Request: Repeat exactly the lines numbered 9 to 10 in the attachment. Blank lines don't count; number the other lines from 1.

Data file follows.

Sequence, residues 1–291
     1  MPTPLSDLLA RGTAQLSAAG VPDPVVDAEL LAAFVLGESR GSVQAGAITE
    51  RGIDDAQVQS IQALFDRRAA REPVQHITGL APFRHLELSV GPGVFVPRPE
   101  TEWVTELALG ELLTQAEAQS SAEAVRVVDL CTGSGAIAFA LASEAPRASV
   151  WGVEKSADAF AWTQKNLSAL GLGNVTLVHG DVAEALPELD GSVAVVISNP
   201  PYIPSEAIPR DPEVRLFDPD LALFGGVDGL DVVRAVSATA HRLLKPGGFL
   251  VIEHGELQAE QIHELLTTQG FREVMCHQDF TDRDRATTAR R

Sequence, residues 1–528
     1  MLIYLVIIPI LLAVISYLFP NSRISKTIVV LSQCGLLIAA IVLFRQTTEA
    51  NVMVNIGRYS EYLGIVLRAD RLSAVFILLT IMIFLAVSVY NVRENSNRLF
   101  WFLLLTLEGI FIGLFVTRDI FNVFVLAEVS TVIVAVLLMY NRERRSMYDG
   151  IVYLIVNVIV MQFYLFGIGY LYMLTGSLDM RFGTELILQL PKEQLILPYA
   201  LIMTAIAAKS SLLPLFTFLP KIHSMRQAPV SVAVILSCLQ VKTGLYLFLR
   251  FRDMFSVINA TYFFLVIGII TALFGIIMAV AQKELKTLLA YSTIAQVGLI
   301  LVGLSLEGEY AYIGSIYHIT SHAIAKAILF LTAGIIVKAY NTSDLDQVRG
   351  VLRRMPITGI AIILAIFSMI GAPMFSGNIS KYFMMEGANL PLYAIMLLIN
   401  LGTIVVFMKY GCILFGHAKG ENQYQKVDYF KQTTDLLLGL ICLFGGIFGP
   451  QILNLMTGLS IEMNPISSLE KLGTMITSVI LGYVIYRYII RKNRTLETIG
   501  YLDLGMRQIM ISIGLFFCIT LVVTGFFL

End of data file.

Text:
     1  MLIYLVIIPI LLAVISYLFP NSRISKTIVV LSQCGLLIAA IVLFRQTTEA
    51  NVMVNIGRYS EYLGIVLRAD RLSAVFILLT IMIFLAVSVY NVRENSNRLF